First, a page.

The Evolution of TV Watching

I’m not a very big TV watcher. It’s not an everyday thing for me; maybe once a week I’ll actually sit down on my couch and watch the tv with my family.  Obviously when televisions first started being introduced in Australia in the 1950’s there was a much better reaction towards them than the one I’m giving now.

To grasp how much the physicality of television and the practice itself of watching television has changed, I decided to interview an older woman named Carolyn (hi mum). When interviewing Carolyn it was revealed that one of the strongest memories of her childhood was the day her family welcomed home their first coloured television. How crazy to think that the fact that she swapped a black and white television for a coloured one became such a memorable moment for her! I can’t even remember the first (or the second or the third) television that my family had. It goes to show how much of a big deal this progression was for Australia.

One of the biggest differences regarding Carolyn’s experience with television and my own was noted when she was describing what this coloured television looked like: “A big wooden box.” She has a way with words doesn’t she? When coaxed into describing this “big wooden box,” she described it as timber and approximately 600m by 1.5m. Pretty different (smaller) to the ones we carry around in our pockets isn’t it?



pic found here

Another contrasting concept was the difference in time spent watching the television. A reason for this can be given to the fact that Carolyn said that her family’s television only had four channels when she was around five years old. I actually laughed when she said that. FOUR channels? I can’t imagine my generation putting up with only four channels. We’ve gotten greedy with our hundreds of channels offering almost anything and everything we might desire to watch. We have sporting events, wildlife documentaries, professional cooking programs, reality shows, news broadcasting, all at the tip of our fingertips.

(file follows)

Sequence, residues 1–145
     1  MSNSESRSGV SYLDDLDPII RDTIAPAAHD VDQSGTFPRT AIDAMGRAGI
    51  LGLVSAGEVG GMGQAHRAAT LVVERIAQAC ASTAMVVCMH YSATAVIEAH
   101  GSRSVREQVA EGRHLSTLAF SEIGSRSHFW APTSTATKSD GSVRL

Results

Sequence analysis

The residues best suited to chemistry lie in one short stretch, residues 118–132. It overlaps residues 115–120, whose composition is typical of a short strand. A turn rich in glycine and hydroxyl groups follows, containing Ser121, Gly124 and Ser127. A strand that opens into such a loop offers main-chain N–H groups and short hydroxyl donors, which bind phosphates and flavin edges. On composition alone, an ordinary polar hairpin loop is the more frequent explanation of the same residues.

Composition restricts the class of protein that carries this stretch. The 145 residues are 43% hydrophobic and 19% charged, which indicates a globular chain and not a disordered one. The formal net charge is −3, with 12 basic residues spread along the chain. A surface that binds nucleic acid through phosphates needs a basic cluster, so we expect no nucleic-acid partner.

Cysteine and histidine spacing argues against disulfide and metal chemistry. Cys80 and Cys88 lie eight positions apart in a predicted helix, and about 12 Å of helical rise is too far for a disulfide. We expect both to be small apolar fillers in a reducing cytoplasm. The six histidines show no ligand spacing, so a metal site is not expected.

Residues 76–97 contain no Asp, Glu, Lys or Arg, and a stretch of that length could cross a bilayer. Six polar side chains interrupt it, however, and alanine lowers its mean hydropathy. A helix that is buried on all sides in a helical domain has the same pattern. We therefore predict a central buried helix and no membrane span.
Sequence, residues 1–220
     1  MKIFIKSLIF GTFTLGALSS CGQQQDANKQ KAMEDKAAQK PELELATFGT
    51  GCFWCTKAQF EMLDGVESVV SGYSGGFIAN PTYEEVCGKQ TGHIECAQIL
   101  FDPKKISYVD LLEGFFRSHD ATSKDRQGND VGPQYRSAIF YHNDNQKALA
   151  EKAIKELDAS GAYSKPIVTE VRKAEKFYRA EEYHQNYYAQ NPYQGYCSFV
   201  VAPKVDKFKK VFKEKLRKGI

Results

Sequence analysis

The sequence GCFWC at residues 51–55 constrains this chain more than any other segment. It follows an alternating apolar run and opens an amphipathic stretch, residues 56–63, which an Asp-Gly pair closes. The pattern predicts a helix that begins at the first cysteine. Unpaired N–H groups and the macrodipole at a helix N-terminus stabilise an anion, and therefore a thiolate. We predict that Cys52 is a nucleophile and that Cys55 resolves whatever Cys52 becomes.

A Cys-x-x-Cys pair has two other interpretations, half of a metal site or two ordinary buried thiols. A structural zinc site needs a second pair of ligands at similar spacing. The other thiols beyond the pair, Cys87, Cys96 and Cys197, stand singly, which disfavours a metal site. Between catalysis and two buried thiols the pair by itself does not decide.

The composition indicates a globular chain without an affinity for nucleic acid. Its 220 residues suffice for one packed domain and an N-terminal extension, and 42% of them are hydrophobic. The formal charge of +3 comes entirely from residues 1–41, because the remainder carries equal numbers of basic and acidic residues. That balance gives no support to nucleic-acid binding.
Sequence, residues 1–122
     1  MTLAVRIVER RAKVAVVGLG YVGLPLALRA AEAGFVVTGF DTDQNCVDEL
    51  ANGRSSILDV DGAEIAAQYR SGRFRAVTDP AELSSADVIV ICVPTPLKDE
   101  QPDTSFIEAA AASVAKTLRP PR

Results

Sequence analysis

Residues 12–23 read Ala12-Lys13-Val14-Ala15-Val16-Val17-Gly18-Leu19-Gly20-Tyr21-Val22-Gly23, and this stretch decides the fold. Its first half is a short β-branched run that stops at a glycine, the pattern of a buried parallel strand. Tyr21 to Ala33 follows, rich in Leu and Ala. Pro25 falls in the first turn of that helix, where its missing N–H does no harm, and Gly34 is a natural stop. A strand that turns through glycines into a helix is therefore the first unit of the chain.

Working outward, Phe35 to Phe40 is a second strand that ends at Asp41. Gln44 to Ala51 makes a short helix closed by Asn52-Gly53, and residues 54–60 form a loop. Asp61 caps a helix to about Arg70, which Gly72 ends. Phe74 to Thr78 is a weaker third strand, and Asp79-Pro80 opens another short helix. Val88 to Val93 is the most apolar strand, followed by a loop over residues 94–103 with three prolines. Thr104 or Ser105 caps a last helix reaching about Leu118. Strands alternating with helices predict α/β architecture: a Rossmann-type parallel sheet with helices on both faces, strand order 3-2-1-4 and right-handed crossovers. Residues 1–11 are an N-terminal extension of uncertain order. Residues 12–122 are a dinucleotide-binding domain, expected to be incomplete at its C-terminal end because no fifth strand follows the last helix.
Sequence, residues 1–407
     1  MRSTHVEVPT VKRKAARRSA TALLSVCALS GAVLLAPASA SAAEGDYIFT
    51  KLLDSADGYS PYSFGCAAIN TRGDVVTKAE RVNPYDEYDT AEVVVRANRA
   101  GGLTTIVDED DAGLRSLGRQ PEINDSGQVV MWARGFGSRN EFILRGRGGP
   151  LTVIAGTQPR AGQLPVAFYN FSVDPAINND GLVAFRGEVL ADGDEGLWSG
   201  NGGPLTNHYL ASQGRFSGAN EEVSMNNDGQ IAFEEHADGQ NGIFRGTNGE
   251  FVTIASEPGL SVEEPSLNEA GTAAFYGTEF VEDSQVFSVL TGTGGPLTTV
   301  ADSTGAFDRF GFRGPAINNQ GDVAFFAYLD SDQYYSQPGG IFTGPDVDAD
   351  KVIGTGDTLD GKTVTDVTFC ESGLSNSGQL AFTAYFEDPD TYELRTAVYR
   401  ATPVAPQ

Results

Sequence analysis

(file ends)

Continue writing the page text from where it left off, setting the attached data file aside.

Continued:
So with only four channels it isn’t any surprise that Carolyn’s family only watched it at night, before their dinner, (she specified about three times that they never watched while eating – one of the rules she joyfully enforced during my upbringing). When I asked Carolyn what programs she can remember watching as a child, her only response was the news programs.

Pretty different to our own childhood isn’t it?

I believe that one of the reasons the television became so important and such a hot commodity to begin with, was the fact that the television was the only source of live national and international source of information and news available to the public. It was a visual platform that could not be achieved through any other platform at that time

This highlights the change in purpose of the televisions from the initial startup of the television, to now. Now, more than anything else, televisions are there to entertain us. For us, we have access to so many different forms of news on so many different platforms that the importance of the television in regards to delivering news has decreased. Now, television companies have to come up with bigger and better programs that will keep us watching our televisions daily. Despite this, we can watch almost everything on our televisions at a later time on a different platform. I can think of countless tv programs that advertise the fact that you can watch all of their programs on their website at anytime.

It’s going to be interesting in the years to come to see what new direction the evolution of television is going to take.

Until next time,

  • Georgie.

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